Hollison Journey

“The road of life twists and turns and no two directions are ever the same. Yet our lessons come from the journey, not the destination.” – Don Williams Jr

Rooftops of Tehran

on October 6, 2009

Rooftops of Tehran by Mahbod Seraji

rooftopsoftehranNormally my book link takes you to Amazon.com, but this time, clicking on the title of the book will take you to the bookclub page for this book at 5 Minutes for Books. This was the selection for this past month (or is it this month? I can’t figure it out since the posts come so early in the month).

OH RIGHT, BACK TO THE REVIEW/DISCUSSION.

I enjoyed this book. It is set in 1970s Iran, which is a new book destination for me. I’ve never really read books set in the middle east, fiction or otherwise. It definitely made me want to read more about it (and isn’t that what a good book does?), although I haven’t. I wouldn’t say this has become a favorite, but I liked it.

Now, on to answer the questions posed by Jennifer:

  1. The story is told with some mysterious flashbacks. What affect did this have on you? Did it pique your curiosity? Confuse you? Intrigue you?
    I liked the flashbacks. They didn’t really confuse me because of how they were laid out. I was more curious than annoyed or confused.
  2. A heavy theme of the novel is friendship. What friendships make an impact on you? Do they seem similar to our own contemporary American relationships, or different?
    The friendships in the book seemed similar to American friendships – it was the courting/dating/romantic relationships that took a different tone than the American counterpart. The loyalty between the friends was fierce, and I liked that.
  3. I felt like this was generally an uplifting story, though set amidst some trying circumstances. Did you agree? If so, how did the author achieve this?
    I agree, Jen. I think the author achieved this by focusing more on the relationships than the circumstances. It isn’t a history book. It’s a story of friends who happen to be in a rough political/social climate. Their lives don’t revolve around everything going on, but it of course affects them. I feel that this is how I would want a story about me to be – don’t make the focus what is going on in the world around me, but show how my world is affected by that.
  4. How do characters in the book perceive the United States? How did the way that they see the U.S. change the way you see it?
    Some perceive it as the promised land, some just see it as a land to run away to.
  5. Did reading this book give you a greater understanding of Iranian culture or politics? Did you read (or have you read) any of the suggested works that are listed in the back of the book? How do they compare and contrast with this portrayal of Iran? What does the fact that the author included a list of suggested readings, and the other personal information that he includes after the novel ends say about his purpose in writing it?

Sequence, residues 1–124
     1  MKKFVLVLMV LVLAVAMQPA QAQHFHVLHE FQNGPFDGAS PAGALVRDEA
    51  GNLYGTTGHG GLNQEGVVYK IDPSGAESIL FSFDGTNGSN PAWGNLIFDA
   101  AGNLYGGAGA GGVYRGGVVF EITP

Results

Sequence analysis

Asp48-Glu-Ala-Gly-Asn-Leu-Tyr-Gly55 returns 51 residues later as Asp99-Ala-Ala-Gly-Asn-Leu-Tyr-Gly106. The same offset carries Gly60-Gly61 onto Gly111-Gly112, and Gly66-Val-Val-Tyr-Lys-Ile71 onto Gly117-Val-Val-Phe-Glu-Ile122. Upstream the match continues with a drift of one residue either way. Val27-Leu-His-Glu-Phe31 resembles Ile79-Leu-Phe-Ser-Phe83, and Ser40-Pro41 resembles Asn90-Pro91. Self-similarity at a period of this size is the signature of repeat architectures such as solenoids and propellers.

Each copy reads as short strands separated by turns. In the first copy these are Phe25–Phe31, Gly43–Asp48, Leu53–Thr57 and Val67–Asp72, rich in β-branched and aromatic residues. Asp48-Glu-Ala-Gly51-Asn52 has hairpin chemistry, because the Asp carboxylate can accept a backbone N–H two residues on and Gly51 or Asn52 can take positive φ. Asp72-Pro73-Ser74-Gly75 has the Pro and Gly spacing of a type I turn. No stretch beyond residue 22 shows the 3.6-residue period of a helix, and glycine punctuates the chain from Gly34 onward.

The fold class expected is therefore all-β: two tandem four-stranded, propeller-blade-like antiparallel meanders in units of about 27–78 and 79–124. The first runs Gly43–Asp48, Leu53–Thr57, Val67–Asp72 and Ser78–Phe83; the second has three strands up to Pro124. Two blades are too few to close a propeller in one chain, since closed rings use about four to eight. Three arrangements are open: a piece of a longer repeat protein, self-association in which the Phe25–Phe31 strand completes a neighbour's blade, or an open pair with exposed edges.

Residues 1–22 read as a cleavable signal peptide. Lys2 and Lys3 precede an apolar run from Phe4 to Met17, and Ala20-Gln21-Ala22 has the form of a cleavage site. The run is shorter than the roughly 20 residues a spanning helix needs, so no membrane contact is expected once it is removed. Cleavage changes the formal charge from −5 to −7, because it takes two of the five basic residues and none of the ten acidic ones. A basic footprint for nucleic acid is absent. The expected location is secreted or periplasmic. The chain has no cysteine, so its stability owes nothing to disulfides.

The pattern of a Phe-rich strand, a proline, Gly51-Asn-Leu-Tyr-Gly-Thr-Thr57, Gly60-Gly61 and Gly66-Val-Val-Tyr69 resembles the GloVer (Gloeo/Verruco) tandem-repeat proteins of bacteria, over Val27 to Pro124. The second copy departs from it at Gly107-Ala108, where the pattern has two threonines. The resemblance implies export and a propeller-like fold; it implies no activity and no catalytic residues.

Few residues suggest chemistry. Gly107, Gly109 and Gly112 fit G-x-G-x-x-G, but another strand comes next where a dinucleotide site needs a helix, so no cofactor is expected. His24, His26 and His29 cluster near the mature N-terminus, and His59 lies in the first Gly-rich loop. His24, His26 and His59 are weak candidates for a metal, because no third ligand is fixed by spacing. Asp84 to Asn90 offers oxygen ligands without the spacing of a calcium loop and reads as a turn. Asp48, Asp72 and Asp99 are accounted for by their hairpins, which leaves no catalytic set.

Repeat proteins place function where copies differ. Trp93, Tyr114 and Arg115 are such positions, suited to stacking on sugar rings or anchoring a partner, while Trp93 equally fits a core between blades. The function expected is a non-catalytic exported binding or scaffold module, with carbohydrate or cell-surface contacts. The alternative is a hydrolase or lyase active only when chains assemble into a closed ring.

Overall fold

Considering I knew nothing of Iranian culture or politics before reading this, yes 😛 I have not read the suggested works, and I’m not sure I will. I was curious about the culture, but maybe not enough to do extra reading specifically for that purpose. I think the fact that the author included that shows he wanted to raise awareness about Iranian culture and politics. He wanted the book to be a “gateway” for people to start being interested in the country.

A quick “heads up.” There is profanity in this book. And an uncomfortable chapter (that really has no bearing on the plot – if you want to read this book and skip the chapter, let me know and I’ll go find it.) This doesn’t bother everybody, but I wanted to let you know.

If you want to read more reviews, hop on over to 5minutesforbooks.com and read the bookclub posts.

next up: any book by Louisa May Alcott (I’m going with Little Men)

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5 responses to “Rooftops of Tehran

  1. Christina says:

    If you’re interested in reading more about Louisa May Alcott, you should check out “Louisa May Alcott: The Woman Behind Little Women” by Harriet Reisen, out on Oct. 28th. You can also pre-order it on Amazon.com (http://www.amazon.com/Louisa-May-Alcott-Behind-Little/dp/0805082999/ref=sr_1_1?ie=UTF8&s=books&qid=1254849579&sr=8-1). Great read 🙂

  2. I’m so glad that you enjoyed the book! Thanks for your thoughts.

  3. Great post. Even though I posted about the political and social issues in this book, I really, feel like the relationships were the heart of the story, and you described that very well.

  4. Sorry for the random comma!

  5. hopeistheword says:

    Good point about the focus being on the relationships instead of the political/social climate!

    Good review. Thanks for sharing!

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